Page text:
Namibia: Mutorwa Asked to Declare Drought Emergency

NAMWATER has asked the agriculture minister to declare a hydrological drought after the current water-saving methods failed to curb wastage.

This was revealed by NamWater's manager for water supply in Khomas, Koos Theron on Friday when he took the media and interested citizens on a trip to the Von Bach and Swakoppoort dams.

Theron said the water situation has deteriorated faster than anticipated, and minister John Mutorwa has been asked to declare a hydrological drought.

This means NamWater will not be able to supply water from the three dams whose levels are critically low, and that for the first time ever, the water may not last until the next rainy season.

According to Theron, NamWater recommended during a workshop about two weeks ago that all viable water supply sources as well as options like desalination and the transfer of water to the central area from the North be investigated.

Theron said transfers from the Omatako and Swakoppoort dams will stop at the end of next month, and that by either March or May next year, the Swakoppoort Dam will run dry, while the Von Bach Dam could also be dry by December this year.

NamWater warned that the country's central area is using more water than what is available on a sustainable basis.

The supply to the central area, which includes Windhoek, Okahandja and Karibib must be increased as soon as possible to avoid dire economic consequences, especially for Windhoek, Theron noted.

Last week, NamWater announced that Windhoek households should use less than 90 litres per person per day.

Over the last three months, Windhoek residents have managed to use about 20% less water than normal.

He said when dams run dry, the expected volume to reach the Von Bach Dam is only 6,3 million cubic metres per year, Okahandja 1,25 million cubic metres, Otjihase-system 0,052 million cubic metres and the Hosea Kutako International Airport 0,007 million cubic metres.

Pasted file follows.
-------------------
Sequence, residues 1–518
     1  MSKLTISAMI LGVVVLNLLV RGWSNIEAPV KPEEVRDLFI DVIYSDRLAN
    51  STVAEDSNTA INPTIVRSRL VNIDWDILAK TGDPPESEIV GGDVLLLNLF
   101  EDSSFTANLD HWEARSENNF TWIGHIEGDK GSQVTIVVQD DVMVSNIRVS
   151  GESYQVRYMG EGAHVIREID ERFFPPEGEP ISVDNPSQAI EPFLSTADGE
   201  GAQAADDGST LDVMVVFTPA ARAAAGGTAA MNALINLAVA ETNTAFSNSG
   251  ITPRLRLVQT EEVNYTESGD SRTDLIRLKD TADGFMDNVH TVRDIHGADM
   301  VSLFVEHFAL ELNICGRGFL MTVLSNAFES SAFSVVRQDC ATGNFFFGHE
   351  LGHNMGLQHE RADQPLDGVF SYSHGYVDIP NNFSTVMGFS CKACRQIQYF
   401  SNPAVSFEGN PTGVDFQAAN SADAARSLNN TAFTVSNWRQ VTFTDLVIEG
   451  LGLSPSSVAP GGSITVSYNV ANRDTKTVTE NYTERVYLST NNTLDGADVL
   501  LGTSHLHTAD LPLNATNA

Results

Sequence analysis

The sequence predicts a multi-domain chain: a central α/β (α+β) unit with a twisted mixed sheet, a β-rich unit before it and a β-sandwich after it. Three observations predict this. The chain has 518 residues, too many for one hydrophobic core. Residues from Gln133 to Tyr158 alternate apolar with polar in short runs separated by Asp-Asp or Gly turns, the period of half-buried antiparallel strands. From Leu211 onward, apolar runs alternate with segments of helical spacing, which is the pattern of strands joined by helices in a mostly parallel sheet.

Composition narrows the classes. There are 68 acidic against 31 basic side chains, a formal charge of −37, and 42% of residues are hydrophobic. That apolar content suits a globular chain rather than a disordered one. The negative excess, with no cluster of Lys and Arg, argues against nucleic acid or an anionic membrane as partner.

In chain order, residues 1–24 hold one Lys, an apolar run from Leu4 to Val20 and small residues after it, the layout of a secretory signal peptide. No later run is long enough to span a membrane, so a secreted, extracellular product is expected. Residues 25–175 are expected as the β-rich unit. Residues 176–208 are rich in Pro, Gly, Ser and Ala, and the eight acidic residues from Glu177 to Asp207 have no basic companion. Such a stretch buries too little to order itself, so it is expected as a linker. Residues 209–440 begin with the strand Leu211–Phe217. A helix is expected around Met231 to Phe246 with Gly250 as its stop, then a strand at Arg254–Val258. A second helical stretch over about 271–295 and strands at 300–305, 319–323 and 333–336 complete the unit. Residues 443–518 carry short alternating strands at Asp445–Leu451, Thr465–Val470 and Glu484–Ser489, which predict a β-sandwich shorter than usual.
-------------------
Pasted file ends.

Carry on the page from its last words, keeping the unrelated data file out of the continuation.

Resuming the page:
The Von Bach Dam, which also supplies users in the vicinity of Windhoek connected to the main supply grid, will have 1,55 million cubic metres, and only 3,4 million cubic metres will be left for Windhoek per year when it would normally need 23,6 million cubic metres.

Once the Von Bach Dam runs dry, the City of Windhoek will have to rely on boreholes, its water reclamation plant and a small volume of water pumped from the disused Kombat and Berg Aukas mines, Theron explained.

He said NamWater has also warned that drawing water from Windhoek's aquifer is an emergency option only, and would not be sustainable in the long term.

When all of the boreholes planned by the City of Windhoek are in operation, it is projected that the city would pump about eight million cubic metres from the aquifer - whereas it is calculated that the aquifer can supply only half-a-million cubic metres on a sustainable basis.

The three dams supplying the central areas of Namibia - including Windhoek, Okahandja and Karibib - only held 11,6% of their combined capacity yesterday, according to NamWater's latest weekly dam bulletin.

While the Swakoppoort, Von Bach and Omatako dams can store a combined 155,5 million cubic metres, the three dams held only 18,1 million cubic metres yesterday.

A week ago, the three dams had 18,5 million cubic metres, and a year ago they had 38,6 million cubic metres for use in the central area.

The Von Bach Dam is now 21,4% full (34,8% a year ago), Swakoppoort is only 10,3% of capacity (32,3% a year ago), and Omatako is 2,7% full (2,8% a year ago).

Source: The Namibian